Measuring monetary policy shocks

What are the effects on the economy when the Fed raises interest rates? This is a key question in empirical research, but is notoriously hard to answer. The reason is that when the Fed raises interest rates, it usually does so in anticipation of a stronger economy or rising inflation. If we look at what happens to inflation or output following an interest rate hike, it is impossible to distinguish the effect of the Fed’s actions from the effects of the changing fundamentals that led the Fed to act in the first place. New research by a graduate student at UCSD may have finally solved this problem.
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US Gets China to Agree to What It Was Going to Do Anyway

From NYT:

In a significant concession, Mr. Trump will postpone a plan to raise tariffs on $200 billion worth of Chinese goods to 25 percent, from 10 percent, on Jan. 1. The Chinese agreed to an unspecified increase in their purchases of American industrial, energy and agricultural products, which Beijing hit with retaliatory tariffs after Mr. Trump targeted everything from steel to consumer electronics.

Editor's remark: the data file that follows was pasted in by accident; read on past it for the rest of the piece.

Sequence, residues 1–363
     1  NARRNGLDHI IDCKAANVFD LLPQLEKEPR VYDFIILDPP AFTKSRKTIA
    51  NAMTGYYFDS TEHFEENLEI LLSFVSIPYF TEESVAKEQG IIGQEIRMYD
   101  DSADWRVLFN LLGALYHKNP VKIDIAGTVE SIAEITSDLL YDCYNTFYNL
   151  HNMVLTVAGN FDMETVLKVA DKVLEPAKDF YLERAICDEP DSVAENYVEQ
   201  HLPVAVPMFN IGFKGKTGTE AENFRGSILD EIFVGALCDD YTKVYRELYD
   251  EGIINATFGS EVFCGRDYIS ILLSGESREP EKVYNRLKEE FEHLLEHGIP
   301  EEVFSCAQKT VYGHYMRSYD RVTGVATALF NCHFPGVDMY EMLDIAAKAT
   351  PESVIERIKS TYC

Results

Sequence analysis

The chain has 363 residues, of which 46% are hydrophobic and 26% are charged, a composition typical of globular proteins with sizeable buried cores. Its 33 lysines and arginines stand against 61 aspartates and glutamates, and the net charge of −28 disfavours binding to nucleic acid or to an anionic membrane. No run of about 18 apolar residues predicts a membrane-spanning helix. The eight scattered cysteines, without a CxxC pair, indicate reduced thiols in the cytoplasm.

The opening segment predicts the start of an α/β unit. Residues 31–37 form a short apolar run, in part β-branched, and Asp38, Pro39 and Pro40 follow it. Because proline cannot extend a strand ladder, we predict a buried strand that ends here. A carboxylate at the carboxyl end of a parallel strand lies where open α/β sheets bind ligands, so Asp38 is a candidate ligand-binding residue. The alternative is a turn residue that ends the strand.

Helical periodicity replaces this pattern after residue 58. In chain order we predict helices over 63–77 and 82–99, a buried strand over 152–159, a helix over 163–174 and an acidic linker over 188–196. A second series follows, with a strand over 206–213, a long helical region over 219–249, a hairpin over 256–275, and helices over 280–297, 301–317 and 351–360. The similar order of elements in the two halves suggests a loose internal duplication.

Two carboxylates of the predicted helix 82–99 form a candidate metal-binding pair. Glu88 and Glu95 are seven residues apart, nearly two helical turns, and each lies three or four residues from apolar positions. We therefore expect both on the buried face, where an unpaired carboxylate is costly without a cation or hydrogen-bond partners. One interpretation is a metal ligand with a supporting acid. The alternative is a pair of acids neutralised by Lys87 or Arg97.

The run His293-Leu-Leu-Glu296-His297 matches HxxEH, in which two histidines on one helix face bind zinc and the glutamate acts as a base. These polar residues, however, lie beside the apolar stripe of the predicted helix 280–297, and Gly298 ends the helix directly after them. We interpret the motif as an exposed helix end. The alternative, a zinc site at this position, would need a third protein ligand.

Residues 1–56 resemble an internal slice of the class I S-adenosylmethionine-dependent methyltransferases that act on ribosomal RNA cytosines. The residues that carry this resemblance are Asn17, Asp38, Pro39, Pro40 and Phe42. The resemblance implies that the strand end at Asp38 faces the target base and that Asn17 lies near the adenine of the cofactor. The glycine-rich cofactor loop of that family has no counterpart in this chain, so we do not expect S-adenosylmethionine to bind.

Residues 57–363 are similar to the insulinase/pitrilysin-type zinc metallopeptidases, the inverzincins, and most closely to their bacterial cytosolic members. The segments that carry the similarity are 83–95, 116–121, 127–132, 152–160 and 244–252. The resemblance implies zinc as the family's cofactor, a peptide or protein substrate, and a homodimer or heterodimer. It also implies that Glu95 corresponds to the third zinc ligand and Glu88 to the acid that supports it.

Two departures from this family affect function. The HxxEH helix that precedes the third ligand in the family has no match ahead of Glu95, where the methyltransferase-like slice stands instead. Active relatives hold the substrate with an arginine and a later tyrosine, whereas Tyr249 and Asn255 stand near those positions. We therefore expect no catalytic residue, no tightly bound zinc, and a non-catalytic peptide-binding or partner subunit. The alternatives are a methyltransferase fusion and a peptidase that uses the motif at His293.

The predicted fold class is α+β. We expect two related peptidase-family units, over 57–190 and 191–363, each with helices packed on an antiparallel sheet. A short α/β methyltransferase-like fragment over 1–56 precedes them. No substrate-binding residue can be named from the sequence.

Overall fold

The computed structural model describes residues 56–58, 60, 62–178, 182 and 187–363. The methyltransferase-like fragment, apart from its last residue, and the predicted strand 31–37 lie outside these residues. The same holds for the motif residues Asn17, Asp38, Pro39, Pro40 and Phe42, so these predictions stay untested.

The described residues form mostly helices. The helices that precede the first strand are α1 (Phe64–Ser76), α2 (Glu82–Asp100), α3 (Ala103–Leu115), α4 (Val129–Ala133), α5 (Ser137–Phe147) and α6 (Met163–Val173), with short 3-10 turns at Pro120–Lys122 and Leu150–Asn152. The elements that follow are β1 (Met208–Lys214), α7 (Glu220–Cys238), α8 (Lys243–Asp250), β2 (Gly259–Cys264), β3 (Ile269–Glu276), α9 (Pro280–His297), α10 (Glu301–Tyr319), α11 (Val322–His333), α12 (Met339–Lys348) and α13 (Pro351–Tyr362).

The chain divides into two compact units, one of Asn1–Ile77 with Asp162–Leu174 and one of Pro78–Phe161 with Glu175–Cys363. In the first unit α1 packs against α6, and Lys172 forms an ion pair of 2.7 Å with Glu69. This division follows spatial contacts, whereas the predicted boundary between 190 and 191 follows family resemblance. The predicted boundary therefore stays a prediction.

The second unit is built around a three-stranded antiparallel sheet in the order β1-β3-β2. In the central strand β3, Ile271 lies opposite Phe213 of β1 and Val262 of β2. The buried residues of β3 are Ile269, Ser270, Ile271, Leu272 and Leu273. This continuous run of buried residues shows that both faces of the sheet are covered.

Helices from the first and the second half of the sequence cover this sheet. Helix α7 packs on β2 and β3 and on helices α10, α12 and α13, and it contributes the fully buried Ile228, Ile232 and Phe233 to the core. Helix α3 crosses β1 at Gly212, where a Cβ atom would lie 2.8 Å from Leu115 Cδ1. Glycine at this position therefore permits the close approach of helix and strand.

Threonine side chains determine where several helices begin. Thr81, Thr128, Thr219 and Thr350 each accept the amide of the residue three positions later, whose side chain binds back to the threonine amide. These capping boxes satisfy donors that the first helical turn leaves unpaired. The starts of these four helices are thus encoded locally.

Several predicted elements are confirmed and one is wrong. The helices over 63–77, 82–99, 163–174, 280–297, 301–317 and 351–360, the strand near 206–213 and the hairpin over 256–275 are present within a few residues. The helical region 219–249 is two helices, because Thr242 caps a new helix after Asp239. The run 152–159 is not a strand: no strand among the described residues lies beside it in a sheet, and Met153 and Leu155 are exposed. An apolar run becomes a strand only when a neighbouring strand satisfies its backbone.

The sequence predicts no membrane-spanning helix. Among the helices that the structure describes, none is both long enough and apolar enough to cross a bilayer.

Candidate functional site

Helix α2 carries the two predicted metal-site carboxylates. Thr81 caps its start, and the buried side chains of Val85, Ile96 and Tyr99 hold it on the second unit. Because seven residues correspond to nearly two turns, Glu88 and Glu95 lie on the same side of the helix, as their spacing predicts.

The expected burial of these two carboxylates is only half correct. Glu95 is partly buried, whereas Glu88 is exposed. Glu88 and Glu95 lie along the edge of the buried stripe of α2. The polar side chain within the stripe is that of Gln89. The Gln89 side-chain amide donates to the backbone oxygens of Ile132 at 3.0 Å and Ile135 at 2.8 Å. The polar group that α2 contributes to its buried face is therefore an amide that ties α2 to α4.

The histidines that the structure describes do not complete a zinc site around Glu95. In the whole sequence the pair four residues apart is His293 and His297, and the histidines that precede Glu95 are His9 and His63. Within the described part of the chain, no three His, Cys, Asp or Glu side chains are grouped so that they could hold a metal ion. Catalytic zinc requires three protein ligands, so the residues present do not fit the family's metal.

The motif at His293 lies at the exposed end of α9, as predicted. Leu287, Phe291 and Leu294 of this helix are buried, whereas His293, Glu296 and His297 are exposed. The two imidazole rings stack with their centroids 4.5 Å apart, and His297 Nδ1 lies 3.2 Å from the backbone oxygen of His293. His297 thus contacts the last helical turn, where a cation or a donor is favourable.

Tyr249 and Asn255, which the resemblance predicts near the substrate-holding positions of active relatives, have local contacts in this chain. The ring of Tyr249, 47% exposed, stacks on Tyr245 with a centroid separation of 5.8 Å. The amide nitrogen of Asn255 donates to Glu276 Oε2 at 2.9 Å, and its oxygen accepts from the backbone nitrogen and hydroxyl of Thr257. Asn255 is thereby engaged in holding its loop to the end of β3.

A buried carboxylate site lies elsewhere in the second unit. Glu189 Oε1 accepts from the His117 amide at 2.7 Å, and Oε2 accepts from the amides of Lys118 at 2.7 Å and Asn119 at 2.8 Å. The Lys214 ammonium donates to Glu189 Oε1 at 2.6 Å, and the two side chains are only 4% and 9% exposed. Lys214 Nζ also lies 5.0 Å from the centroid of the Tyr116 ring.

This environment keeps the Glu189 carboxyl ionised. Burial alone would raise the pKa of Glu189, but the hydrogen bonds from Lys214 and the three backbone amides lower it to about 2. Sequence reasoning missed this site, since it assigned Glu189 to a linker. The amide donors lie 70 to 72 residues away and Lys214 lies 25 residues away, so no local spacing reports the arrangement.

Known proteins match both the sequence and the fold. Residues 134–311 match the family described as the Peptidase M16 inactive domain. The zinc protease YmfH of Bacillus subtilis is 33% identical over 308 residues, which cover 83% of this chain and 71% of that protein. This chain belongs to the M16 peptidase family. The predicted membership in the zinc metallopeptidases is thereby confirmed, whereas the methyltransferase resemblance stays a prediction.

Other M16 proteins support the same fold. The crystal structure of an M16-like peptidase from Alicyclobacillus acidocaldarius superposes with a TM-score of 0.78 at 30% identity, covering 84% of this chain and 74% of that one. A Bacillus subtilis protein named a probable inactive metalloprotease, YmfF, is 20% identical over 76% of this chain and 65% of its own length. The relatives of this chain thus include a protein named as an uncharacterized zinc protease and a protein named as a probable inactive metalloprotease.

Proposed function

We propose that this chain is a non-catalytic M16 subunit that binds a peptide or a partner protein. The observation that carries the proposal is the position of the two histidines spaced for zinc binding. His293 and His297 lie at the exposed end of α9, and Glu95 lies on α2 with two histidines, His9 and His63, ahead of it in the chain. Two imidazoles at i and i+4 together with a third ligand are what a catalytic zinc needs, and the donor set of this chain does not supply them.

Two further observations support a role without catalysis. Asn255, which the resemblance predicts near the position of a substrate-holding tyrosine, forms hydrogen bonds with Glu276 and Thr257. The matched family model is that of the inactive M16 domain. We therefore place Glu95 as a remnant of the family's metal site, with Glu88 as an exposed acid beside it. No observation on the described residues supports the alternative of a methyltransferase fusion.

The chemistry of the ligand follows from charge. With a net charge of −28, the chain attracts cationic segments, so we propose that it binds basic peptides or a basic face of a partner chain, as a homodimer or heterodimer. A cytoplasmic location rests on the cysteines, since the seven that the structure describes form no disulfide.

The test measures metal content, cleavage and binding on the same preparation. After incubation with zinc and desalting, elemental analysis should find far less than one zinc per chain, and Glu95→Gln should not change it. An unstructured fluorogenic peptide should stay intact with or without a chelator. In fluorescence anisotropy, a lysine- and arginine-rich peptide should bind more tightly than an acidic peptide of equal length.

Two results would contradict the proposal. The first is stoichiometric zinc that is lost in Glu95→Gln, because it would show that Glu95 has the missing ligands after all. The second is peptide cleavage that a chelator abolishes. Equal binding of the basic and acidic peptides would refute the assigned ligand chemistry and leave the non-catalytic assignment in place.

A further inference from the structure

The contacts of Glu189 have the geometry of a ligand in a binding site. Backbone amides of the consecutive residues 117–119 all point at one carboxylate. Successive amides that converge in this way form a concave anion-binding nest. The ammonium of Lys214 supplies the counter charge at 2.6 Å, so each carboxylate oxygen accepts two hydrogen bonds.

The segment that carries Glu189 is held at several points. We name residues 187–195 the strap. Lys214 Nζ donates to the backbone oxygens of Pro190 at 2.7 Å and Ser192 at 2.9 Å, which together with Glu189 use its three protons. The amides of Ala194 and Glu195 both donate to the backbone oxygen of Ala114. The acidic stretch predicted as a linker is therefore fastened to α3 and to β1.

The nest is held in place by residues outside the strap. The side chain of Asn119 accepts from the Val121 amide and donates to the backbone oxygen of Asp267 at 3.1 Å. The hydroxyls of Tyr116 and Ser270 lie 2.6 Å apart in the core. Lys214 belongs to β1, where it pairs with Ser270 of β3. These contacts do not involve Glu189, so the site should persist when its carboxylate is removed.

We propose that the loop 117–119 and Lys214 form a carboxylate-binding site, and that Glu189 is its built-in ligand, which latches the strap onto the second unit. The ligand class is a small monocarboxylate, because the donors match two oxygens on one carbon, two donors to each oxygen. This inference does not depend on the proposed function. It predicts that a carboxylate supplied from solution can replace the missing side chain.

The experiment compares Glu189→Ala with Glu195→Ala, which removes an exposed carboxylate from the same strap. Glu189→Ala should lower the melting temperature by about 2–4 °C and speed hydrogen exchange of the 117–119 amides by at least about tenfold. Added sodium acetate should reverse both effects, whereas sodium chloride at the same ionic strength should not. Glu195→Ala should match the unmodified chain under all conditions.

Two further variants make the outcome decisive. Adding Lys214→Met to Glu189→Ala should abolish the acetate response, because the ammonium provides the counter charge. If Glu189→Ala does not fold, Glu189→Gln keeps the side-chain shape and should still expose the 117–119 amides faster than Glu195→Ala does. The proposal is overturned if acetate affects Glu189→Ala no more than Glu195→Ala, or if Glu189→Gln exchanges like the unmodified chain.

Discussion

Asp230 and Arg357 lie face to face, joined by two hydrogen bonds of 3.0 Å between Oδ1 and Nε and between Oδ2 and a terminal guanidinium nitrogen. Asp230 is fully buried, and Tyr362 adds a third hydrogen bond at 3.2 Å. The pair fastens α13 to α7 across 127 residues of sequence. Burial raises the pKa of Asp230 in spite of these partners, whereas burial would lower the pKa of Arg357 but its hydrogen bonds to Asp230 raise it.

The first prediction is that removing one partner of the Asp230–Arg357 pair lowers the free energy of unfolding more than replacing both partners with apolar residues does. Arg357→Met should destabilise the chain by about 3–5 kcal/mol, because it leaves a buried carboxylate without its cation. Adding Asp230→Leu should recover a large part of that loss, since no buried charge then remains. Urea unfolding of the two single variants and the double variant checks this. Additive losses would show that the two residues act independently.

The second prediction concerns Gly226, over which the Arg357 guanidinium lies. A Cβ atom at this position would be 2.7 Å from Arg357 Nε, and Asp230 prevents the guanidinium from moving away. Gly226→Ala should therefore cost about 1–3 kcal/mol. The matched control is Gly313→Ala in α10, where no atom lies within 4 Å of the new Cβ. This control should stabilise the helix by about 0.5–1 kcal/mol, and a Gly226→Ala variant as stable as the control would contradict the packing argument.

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Guest Contribution: “What are the drivers of TFP growth? An empirical assessment “

Today, we are pleased to present a guest contribution written by Iván Kataryniuk (Banco de España) and Jaime Martínez-Martín (European Central Bank) summarizing their chapter in the book International Macroeconomics in the wake of the Global Financial Crisis edited by L. Ferrara, I. Hernando and D. Marconi. The views expressed here are those solely of the author and do not reflect those of their respective institutions.

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